App Store Turns 1

The app store just turned one year old! And to celebrate, Apple have added a little promo page to iTunes, which you can find via this link on the iTunes store front page.

iTunes Menu

And here is part of their colorful celebratory page, created with Apple’s usual great design flair.

App Store Turns 1

Apple have “gathered together some of our favourite games and apps“, and to my delight, Oz Weather is one of the 32 apps they have chosen to feature in their apps list – appearing there in 10th spot.

iTunes Turns 1 Apps

What caused me to discover this? Today’s sales jumped up by 40%. Although sales can be quite variable day to day, this change seemed to be a bit bigger than usual, and I wondered if there was some material cause. Having been tipped off, it didn’t take long to find it. 🙂

As usual I will be watching carefully to see whether this has an extended effect on sales levels, and report back in due course.

Amendment 20th July – it has been pointed out to me that this 1st birthday page had been in iTunes for a week already. So I can’t attribute the sales jump to this after all. Looks like I’m getting a bit lax in my iTunes monitoring!

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Oz Weather Apponomics – Part 6

This is the latest installment tracking the progress of the Oz Weather iPhone app in the iTunes app store. (Part 5 installment here.)

The latest stats, to 3rd July 2009:

* Total app downloads: 44,800
* Net app revenue: AUD$68,000 (US$54,400) – net of 30% Apple share and 10% Australian GST
* Average User Rating: 4.5 stars – from 6 ratings of latest version, 4 stars – from 790 ratings of all versions

The following graph shows a complete history of more than 7 months of daily sales records, since launch on Nov 1st 2008.

SalesGraph_2009_06

The associated Australian overall paid apps ranking is as follows:

RankGraphAus_2009_06

The most immediately noticeable feature of these graphs is the big “crash” in sales and rankings starting at the beginning of June, and then the sudden recovery on 26th June. What could have caused these big changes in fortune?

  • The Fall – At the beginning of June, Oz Weather’s main head-to-head competitor (Pocket Weather AU) was given “Staff Favourite” status in the Australian app store, which meant that it appeared on the front page of the app store with that endorsement. So at the same time that Oz Weather sales and rankings tanked, Pocket Weather sales and rankings  took off. While Oz Weather reached its nadir at 68th ranking, Pocket Weather peaked at around 29th ranking.
  • The Recovery – On 26th June, Apple launched the iPhone 3GS in Australia. Oz Weather sales tripled overnight and its ranking jumped from 60th to 20th, while Pocket Weather’s ranking remained much steadier, hovering around the 40th to 50th ranking range. My surmise as to what caused this is Apple’s in-shop promotions which include Oz Weather as one of the featured apps, and a demo version is pre-installed on some of their iPhone shop demo units. This means that new iPhone customers who visit an Apple store to make their purchase get well exposed to Oz Weather.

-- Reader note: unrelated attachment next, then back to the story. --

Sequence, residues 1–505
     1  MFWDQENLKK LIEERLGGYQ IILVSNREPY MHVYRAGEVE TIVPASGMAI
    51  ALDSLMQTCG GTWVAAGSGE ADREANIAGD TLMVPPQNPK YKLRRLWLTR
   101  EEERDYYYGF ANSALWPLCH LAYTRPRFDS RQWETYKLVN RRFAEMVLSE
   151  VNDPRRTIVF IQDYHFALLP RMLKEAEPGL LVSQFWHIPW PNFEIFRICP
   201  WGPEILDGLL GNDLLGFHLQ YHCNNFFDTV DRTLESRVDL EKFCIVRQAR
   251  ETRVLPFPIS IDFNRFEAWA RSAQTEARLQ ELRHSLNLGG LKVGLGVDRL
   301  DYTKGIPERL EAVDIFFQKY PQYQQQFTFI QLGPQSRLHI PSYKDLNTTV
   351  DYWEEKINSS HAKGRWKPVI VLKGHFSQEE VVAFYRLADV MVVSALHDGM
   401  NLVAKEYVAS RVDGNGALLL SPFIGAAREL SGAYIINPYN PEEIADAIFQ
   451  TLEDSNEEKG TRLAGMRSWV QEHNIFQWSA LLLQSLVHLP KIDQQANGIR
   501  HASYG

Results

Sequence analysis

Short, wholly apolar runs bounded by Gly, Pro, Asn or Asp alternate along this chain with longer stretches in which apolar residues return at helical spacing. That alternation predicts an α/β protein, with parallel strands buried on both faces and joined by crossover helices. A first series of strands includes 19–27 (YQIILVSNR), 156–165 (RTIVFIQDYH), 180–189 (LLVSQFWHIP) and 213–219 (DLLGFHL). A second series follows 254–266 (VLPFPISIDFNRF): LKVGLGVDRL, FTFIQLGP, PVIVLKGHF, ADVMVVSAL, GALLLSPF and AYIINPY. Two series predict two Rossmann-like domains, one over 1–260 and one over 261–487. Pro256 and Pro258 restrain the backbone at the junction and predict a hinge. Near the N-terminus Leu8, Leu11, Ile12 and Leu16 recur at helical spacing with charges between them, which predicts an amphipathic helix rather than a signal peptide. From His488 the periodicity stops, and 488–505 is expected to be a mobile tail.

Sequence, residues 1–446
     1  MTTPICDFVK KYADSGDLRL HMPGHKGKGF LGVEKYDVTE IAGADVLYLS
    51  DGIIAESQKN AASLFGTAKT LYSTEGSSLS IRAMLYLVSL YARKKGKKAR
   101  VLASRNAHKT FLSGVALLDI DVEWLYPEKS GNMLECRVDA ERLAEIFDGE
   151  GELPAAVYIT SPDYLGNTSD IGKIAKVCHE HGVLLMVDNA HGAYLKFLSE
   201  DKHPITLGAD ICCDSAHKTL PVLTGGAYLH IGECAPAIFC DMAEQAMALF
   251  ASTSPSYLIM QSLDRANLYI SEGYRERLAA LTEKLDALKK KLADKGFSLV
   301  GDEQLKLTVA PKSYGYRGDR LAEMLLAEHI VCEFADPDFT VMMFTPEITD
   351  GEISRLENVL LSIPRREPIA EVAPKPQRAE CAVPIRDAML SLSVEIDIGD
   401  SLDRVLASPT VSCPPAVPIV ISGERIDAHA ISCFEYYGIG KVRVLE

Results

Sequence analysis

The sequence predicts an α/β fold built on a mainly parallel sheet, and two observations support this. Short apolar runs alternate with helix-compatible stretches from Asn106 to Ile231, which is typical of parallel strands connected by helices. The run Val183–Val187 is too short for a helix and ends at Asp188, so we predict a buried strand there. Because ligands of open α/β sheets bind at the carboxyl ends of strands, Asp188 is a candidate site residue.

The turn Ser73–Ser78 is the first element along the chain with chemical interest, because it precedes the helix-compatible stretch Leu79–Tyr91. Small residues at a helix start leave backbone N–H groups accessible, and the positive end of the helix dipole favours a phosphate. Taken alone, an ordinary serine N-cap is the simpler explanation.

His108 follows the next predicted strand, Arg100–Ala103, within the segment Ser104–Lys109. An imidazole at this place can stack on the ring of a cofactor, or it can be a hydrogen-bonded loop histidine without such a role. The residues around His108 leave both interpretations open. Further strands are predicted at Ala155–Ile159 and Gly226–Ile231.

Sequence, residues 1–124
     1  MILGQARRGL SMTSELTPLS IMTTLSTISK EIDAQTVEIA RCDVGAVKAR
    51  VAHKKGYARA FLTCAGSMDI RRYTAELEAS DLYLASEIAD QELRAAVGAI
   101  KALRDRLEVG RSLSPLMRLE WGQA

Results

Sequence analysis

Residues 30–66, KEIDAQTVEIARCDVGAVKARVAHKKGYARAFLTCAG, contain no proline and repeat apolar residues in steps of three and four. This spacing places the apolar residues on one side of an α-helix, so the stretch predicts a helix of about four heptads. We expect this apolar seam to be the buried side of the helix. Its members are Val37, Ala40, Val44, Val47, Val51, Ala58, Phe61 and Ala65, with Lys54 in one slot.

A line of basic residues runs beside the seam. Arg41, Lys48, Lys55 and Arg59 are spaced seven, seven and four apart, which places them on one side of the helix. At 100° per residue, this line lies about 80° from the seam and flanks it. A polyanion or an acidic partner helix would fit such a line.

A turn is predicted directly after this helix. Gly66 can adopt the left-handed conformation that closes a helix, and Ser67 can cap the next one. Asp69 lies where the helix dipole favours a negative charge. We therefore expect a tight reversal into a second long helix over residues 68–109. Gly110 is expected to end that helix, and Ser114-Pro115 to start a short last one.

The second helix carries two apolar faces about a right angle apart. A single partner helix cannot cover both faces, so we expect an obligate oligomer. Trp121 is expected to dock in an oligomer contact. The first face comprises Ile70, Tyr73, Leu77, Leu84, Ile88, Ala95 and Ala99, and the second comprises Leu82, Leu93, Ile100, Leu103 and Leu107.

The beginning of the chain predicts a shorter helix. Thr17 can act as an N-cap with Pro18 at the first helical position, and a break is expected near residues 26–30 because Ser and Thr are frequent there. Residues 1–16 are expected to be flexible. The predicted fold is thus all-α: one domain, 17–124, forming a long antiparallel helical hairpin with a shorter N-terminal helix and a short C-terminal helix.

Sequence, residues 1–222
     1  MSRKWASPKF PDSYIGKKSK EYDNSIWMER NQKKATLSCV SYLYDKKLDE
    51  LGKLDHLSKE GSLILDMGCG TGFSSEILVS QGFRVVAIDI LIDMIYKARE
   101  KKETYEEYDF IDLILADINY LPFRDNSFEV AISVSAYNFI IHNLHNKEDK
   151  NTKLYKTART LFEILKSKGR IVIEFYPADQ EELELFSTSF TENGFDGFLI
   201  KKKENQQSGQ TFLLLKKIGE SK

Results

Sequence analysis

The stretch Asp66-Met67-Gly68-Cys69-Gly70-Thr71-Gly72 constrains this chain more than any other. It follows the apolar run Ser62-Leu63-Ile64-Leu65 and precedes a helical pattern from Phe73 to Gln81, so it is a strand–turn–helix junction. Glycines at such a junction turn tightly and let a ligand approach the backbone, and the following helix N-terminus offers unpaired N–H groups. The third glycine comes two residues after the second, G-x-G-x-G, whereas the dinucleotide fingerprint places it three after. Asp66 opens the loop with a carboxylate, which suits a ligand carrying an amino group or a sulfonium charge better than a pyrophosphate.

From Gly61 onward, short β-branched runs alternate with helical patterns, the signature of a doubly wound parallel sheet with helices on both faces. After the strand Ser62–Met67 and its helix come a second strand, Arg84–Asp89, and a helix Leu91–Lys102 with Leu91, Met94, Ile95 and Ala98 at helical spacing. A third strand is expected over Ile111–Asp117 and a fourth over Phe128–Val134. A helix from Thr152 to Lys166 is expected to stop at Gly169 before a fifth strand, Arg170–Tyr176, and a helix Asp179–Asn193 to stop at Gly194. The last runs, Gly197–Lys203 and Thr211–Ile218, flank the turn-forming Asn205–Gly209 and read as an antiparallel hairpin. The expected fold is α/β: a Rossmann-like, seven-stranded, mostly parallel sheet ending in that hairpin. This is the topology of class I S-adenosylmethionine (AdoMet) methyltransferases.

Interestingly, the cause of both the fall and the recovery are apparently Apple’s own promotional mechanisms, over which individual developers have (as far as I am aware) absolutely no control. Either you are picked or you are not!

Overall, of course, Apple’s influence has been much more of a benefit than a hindrance to Oz Weather, and I am of course very grateful for that. And I certainly do not begrudge the fact the Pocket Weather was given a staff favourite pick by Apple. Like me, they’ve put a lot of time and effort into their app, and deserve their day in the sun as much as anyone else.

Oz Weather on National Television

I was contacted by Australia’s ABC TV late last week, as they were interested in compiling an article about iPhone development for their Midday Report news and current affairs show.

As usual, the initial focus was very much on how lucrative app development could be, especially for independent developers. Thankfully, though the article turned out to be quite balanced, and also featured Keith Ahern of MoGeneration Pty Ltd, who started up a now-thriving mobile development business, centered around iPhone apps.

Of course the interviews always end up as a compilation of brief sound bites from much lengthier interviews, but I thought they did a good job of weaving it all together. Well done ABC!

Special bonus to anyone who can name all the members of the Pollenizer crew who appear to be working very, very hard despite the TV lights and cameras, at around the 1m07s mark.

Oz Weather Apponomics – Part 5

This is the latest installment tracking the progress of the Oz Weather iPhone app in the iTunes app store. (Part 4 installment here.)

The latest stats:

  • Total app downloads: 40,000
  • Net app revenue: AUD$60,800 (US$46,800) – net of 30% Apple share and 10% Australian GST
  • Average User Rating: 4.5 stars – from 105 ratings of latest version

The following graph shows a complete history of more than 6 months of daily sales records, since launch on Nov 1st 2008.